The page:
Important Details A Flowchart Template Must Include

Flowcharting is a systematic way to map out how anything operates to monitor inefficiencies, identify opportunities for improvement, and streamline the process. Companies often use flowcharts when developing new software or processes for their organization. Flowcharts are also invaluable when training employees on how something works because it shows them step-by-step what they are supposed to do in any given situation.

Whether you are building a flowchart for your purposes or creating one for someone else, the key is including the right information in it. Here are ten details that should be included within any quality flow chart template:

Flowchart Nomenclature

The first thing you need to make clear in your flow chart sample template is what the various symbols and terminology mean. This is essential for two reasons:  First, the person viewing the chart flow template needs to know how it works so they can properly interpret it; and second, someone who has never seen your particular terminology before will have no idea what you are talking about unless you clearly define it.

The symbols used to indicate specific types of information within a process flow chart template or an organizational flow chart template need to be recognizable and distinct from one another – typically, different lines and arrows will be used for different purposes. It is also helpful if you label the steps in order as they appear along the path. This way, your viewers know exactly what is going on at any given point in time – this reduces confusion and miscommunication.

Source: Venngage

Flowchart Layout

If you are building a flowchart from scratch, it needs to be planned out carefully before you begin drawing shapes and adding lines. In many cases, companies use different types of software to put together and generate flowcharts – although there is no industry standard for the layout.

By default, flowcharts are read from left to right just as you would read a sentence written in English. The first step or numbered box should be at the far left of your chart and subsequent steps should be laid out as they follow one another.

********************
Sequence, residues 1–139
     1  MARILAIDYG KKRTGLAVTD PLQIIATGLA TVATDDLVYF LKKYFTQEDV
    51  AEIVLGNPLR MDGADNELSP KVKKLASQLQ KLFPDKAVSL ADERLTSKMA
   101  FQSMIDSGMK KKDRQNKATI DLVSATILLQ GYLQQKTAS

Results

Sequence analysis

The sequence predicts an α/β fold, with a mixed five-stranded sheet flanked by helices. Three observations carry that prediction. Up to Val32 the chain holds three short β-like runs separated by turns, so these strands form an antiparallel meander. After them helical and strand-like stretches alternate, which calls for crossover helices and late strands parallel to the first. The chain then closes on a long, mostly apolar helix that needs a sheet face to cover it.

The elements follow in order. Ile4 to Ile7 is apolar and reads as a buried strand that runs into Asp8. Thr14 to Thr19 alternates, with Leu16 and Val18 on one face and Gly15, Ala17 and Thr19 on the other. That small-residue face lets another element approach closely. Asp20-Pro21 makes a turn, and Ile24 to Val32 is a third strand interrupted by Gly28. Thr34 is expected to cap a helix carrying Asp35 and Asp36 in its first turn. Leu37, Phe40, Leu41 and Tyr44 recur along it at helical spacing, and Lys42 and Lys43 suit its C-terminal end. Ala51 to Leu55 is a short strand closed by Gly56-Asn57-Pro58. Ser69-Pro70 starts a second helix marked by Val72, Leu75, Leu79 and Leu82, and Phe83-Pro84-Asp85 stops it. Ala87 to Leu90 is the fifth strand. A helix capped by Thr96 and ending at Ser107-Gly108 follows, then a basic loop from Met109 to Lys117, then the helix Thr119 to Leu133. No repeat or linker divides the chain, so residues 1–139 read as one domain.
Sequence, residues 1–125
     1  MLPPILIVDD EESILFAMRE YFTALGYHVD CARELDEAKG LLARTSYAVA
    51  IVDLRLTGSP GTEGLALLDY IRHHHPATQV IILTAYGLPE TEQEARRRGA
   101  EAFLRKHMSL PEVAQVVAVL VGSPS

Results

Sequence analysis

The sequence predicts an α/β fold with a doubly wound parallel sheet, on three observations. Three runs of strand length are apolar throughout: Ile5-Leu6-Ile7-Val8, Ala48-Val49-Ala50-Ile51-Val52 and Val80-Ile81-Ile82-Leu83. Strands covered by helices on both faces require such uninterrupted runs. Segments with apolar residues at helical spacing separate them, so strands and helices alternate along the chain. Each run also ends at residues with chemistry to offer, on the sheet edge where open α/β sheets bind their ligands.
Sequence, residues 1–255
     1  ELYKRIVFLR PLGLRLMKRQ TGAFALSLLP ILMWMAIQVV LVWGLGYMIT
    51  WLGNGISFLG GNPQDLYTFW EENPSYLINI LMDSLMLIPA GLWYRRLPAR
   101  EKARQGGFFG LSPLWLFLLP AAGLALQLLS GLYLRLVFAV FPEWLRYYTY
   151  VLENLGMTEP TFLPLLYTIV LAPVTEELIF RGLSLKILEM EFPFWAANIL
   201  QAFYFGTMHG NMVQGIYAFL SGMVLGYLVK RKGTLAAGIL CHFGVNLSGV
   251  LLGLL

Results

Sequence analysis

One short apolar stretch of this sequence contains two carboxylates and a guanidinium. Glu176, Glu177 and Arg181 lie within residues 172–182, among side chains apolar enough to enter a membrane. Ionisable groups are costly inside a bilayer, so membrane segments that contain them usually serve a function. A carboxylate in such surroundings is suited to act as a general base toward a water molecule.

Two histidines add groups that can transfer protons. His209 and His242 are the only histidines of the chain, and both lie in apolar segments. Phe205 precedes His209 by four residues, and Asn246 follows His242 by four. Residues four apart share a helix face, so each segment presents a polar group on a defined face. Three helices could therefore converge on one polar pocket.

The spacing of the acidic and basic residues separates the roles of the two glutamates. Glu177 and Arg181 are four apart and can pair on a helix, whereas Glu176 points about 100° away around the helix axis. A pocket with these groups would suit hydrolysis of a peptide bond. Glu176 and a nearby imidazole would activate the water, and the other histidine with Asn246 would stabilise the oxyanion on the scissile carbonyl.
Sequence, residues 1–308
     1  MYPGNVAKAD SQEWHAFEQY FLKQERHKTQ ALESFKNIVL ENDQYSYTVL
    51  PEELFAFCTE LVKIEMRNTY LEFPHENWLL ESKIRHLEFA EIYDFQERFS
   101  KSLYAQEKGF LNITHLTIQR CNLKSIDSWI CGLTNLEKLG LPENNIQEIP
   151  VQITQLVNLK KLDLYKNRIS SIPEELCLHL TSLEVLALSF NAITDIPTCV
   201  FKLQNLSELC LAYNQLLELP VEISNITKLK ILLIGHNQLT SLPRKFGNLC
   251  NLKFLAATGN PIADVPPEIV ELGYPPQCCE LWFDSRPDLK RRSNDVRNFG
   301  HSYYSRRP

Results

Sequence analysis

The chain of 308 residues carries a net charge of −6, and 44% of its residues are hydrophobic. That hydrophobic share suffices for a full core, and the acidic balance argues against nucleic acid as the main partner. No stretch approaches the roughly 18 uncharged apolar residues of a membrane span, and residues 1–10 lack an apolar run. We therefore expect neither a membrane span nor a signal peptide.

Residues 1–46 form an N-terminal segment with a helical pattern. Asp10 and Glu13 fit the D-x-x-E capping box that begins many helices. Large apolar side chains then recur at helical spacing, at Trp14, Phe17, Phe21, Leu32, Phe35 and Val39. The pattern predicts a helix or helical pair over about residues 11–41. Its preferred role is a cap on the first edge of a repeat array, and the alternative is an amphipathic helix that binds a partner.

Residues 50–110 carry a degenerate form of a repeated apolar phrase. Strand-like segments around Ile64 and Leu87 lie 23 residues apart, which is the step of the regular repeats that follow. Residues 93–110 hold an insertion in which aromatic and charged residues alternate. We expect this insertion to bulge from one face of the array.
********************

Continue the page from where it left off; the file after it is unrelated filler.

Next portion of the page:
Information Within Each Box/Shape

Each flowchart box or shape is going to be dedicated to a specific type of information – you can’t just put everything in them and expect it to make sense. Think about the overall goal of your process flow diagram and then only include those things that pertain directly to that goal.

Some steps may require more information than others – such as additional lines and arrows that represent the order of operations. It is important to clearly label what belongs in each box and exactly how it should be used together. A good rule of thumb is to use no more than six or seven symbols within a single shape – if you need more, you may need multiple shapes on your sample flow chart template.

Source: Venngage

Connecting Arrows & Lines

The lines and arrows you use to connect the boxes are going to be especially important in a flowchart template because they represent the path that data or the process is taking from one step to another. For that information to be useful, your viewers need to understand when something moves from one step to the next, what happens in between those steps, and how that impacts the overall process.

You may need to include additional lines that represent sub-steps or branch paths (such as multiple arrows for different possibilities). However, these should only be used when necessary to make your diagram easier to follow – because too many arrows can also become confusing.

Lines, Shapes, and Fonts

A flowchart template only works if it is easy to read and interpret – which means that both the lines and shapes you use must be properly sized and legible from a distance. In addition, each of these elements needs to have a different color so they can easily stand apart from one another.

The lines you use should be thicker than the shapes (and their connecting arrows) – this helps to make it more obvious that they are different elements. The fonts used for the labels and titles of each box or shape also need to be distinct so they can be differentiated from one another even if the font is not readily visible.

If you need an online tool that can provide you with a wide variety of options for your flow chart template, check out Venngage. 

Clear Labeling and Titles

Each step that you include on your flowchart should be clearly labeled as to what it is and what process or data element it represents. This will help people understand the overall goal of your diagram at a glance, which in turn makes it easier for them to quickly take in all of the information included within each particular step.

Don’t forget to include a title for the flowchart itself – this tells viewers what the chart is trying to explain and automatically emphasizes its overall purpose. This way, even if individual steps do not make sense on their own, they will at least be appropriate in the context of the entire diagram.

In addition, make sure you label your diagram as to whether it is at the beginning, end, or somewhere within the middle of the overall process. This will make it clear when something occurs and how that impacts everything else included on your chart.

In Summary

A flowchart template is a great way to quickly explain and visualize your thought process. The more easily digestible information that goes into making a good one, the better. For that, here are tips on how to do it right!

Adam Hansen